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The goal of Cityscape is to bring high-quality original research on housing and community development issues to scholars, government officials, and practitioners. Cityscape is open to all relevant disciplines, including architecture, consumer research, demography, economics, engineering, ethnography, finance, geography, law, planning, political science, public policy, regional science, sociology, statistics, and urban studies.

Cityscape is published three times a year by the Office of Policy Development and Research (PD&R) of the U.S. Department of Housing and Urban Development.

  • Urban Problems and Spatial Methods
  • Volume 17, Number 1
  • Managing Editor: Mark D. Shroder
  • Associate Editor: Michelle P. Matuga

Increasing the Accuracy of Urban Population Analysis With Dasymetric Mapping

Jeremy Mennis
Temple University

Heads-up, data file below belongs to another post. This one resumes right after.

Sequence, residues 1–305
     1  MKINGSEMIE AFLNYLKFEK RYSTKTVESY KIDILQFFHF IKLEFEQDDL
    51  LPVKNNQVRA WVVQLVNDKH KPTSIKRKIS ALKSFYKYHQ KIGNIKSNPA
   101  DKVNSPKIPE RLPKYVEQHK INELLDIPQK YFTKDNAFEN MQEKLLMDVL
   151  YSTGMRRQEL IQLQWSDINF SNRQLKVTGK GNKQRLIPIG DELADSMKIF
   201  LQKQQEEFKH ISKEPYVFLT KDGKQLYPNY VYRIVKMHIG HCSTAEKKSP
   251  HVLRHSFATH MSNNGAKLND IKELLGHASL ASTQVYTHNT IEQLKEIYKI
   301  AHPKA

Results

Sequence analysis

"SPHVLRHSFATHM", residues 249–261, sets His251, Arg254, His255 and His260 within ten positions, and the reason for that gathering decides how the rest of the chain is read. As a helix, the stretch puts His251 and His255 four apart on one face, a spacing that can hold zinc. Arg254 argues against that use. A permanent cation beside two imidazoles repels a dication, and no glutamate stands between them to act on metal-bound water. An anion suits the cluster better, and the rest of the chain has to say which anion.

Many types of urban policy analyses, particularly those relating to exposure to hazards or accessibility to resources, rely on accurate and precise spatial population data, although such data are not always available. Dasymetric mapping is a technique for disaggregating population data from one set of source spatial units to a finer resolution set of target spatial units through the use of an ancillary dataset, typically land use, zoning, or similar nominal datasets related to population distribution. Dasymetric mapping operates by employing weights that capture both the relative areas of the target spatial units and the relative population densities of the different nominal ancillary classes, and it is typically implemented in Geographic Information System, or GIS, software. An example application demonstrates the efficacy of the dasymetric approach by comparing census tract-level and dasymetric data in an assessment of the population living in proximity to hazardous air pollutant releases in Philadelphia, Pennsylvania, using block-level data as a validation dataset.

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